GALLERY WEEKEND BERLIN 2023
Spike editor Isabella Zamboni picks the six most vibrant shows from Gallery Weekend Berlin 2023. Home ghosts, Kurdish ropes, watery half animals, too-blue eyes, Neapolitan satyrs, hysterical bureaucrats: Indulge in the capital’s most spirited visions.
Diamond Stingily, “I’m Not Coming Back Here”
29 Apr – 1 Jul 2023
Galerie Isabella Bortolozzi
It took her a long time just to write down the word she always carried along: “home.” The fifteen-year-old heroine of Octavia’s Butler’s novel Parable of the Sower (1993) had to lose her place of belonging in order to embody the only lasting truth we humans can rely on: perpetual change.
The motifs Diamond Stingily (*1990) has silkscreened on mirrors show her family home in Chicago. She doesn’t live there now, but used to with her mother, grandmother, and siblings as a teenager. Some are Stingily’s personal snapshots – a simpering curtain shielding a kitchen, a fuzzy crucifix. Others are details of images used on the realtor’s website to sell the property after her mother and grandmother passed away – neat shots of the facade, the garage, the carpeted staircase. Which parts of you, which places, which ghosts, remain inscribed in your image? Which is most difficult to write down, in order to administer loss? Per Butler, people who have no homes will build fires.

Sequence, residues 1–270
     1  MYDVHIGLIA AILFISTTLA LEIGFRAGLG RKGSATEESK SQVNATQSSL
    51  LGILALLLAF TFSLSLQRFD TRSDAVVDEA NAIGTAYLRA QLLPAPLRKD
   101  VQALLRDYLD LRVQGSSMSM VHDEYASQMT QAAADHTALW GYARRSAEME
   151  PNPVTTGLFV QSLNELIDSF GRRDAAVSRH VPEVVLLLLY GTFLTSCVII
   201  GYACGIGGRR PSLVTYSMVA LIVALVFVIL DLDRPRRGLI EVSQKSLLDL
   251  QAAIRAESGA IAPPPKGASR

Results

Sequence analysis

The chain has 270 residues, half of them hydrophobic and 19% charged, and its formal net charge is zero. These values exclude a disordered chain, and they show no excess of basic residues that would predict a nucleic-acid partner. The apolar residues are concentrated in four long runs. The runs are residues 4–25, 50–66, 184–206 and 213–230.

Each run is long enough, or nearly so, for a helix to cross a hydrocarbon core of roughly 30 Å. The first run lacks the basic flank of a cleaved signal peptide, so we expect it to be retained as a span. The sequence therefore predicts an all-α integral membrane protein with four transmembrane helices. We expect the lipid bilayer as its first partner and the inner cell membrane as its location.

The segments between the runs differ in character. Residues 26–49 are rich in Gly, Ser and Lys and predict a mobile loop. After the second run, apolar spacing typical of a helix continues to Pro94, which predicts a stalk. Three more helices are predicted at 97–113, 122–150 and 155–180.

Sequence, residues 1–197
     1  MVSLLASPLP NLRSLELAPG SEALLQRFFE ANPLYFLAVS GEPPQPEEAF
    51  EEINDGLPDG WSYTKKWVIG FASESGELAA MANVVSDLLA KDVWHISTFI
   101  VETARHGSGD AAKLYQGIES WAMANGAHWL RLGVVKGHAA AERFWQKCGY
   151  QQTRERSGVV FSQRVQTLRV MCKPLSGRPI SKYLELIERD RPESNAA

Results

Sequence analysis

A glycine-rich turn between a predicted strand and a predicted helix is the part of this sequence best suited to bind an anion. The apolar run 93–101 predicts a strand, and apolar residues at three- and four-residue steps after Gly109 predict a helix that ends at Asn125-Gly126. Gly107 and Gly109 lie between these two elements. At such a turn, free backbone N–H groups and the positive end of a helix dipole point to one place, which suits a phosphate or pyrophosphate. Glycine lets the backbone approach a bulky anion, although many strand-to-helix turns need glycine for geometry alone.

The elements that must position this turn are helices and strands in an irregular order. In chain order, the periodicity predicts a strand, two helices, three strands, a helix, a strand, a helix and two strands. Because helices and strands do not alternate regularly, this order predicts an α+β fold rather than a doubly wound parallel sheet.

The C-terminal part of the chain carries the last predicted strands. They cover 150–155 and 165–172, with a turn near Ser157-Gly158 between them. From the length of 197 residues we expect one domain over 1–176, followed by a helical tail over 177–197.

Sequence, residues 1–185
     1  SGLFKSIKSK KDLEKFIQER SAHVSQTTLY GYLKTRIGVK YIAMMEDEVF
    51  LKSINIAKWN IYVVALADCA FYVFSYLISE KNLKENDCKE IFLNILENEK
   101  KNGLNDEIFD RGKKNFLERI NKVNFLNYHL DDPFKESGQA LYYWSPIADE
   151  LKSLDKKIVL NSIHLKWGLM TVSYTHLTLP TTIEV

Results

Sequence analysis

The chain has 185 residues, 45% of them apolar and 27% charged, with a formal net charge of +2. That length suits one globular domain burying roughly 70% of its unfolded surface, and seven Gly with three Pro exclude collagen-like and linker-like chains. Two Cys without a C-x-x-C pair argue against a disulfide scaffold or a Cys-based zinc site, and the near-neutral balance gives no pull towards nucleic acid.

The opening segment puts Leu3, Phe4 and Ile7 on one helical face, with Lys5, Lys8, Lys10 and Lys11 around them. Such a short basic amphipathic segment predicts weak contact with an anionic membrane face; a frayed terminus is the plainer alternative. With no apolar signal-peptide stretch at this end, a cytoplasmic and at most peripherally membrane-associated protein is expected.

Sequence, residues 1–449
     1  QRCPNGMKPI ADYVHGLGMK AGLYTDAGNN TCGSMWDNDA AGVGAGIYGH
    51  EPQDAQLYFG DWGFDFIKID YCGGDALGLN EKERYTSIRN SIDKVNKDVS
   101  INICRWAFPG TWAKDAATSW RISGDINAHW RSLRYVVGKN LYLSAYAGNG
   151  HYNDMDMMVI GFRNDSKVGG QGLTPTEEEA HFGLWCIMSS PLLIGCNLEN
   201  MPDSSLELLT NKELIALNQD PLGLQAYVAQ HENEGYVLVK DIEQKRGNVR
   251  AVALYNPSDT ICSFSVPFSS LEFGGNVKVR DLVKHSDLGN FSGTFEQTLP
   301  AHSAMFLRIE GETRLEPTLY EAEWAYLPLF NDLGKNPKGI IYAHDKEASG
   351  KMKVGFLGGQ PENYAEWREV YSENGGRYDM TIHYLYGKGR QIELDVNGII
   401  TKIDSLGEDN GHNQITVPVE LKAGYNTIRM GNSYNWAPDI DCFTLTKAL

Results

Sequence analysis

Hiwa K, “Like a Good, Good, Good Boy”
28 Apr – 1 Jul 2023
In the realm of dogs, verticality is not really a dimension of space. As in the world of prisons, it is a measure of power – “Sitz!” – says Foucault in 1973. In Hiwa K’s (*1975) largest video work, installed on KOW’s upper floor, a camera drone hovers slowly, horizontally, over a thick rope stretched across rooftops and streets of Sulaymaniyah, the artist’s hometown in Iraqi Kurdistan. The rope literally ties together his family’s modest former house, now a ruin; his school; and the Amna Suraka prison, a theater of atrocities committed by the Saddam Hussein regime. In another video, the artist and his former classmates gather on the school rooftop to share, from “above,” the pain that they suffered under that regime within their homes, schools, and prisons, as well as the struggles to abide by the global labor market that came after the regime’s overthrow, at the expense of their Kurdish heritage.
The vertical rises up, commands, flattens. Kurdish culture, by contrast, is organized horizontal: relations are loosely ranked, narratives oral, melodic, and fluid, and institutions mainly absent. Kurdish people are not good, good, good boys and girls.
Rhea Dillon, “We looked for eyes creased with concern, but saw only veils”
26 Apr – 10 Jun 2023
How much do credos bewitch? If you get the blondest hair, people will love you. Toni Morrison’s The Bluest Eye (1970) hijacks Dick and Jane, a mid-century book series with which US schoolboys and girls learned how to read, how houses are made, how red is the door, how mother, father, Dick, and Jane smile, how pretty they are, how all four are white and have blonde hair – unlike Morrison’s little protagonist, Pecola, who is black, has brown eyes, and feels ugly.
Rhea Dillon’s (*1996) show at Sweetwater translates narrative ingredients from the novel into sculptures. On the wall left of the entry, copies of a Dick and Jane book are inset in frames made from mahogany – a wood indigenous to West Africa used to build slave ships – and coated in black with never-drying, anti-climb paint, except for cutouts that expose a drawn, blue eye and the plea “See me, Mother, see me!”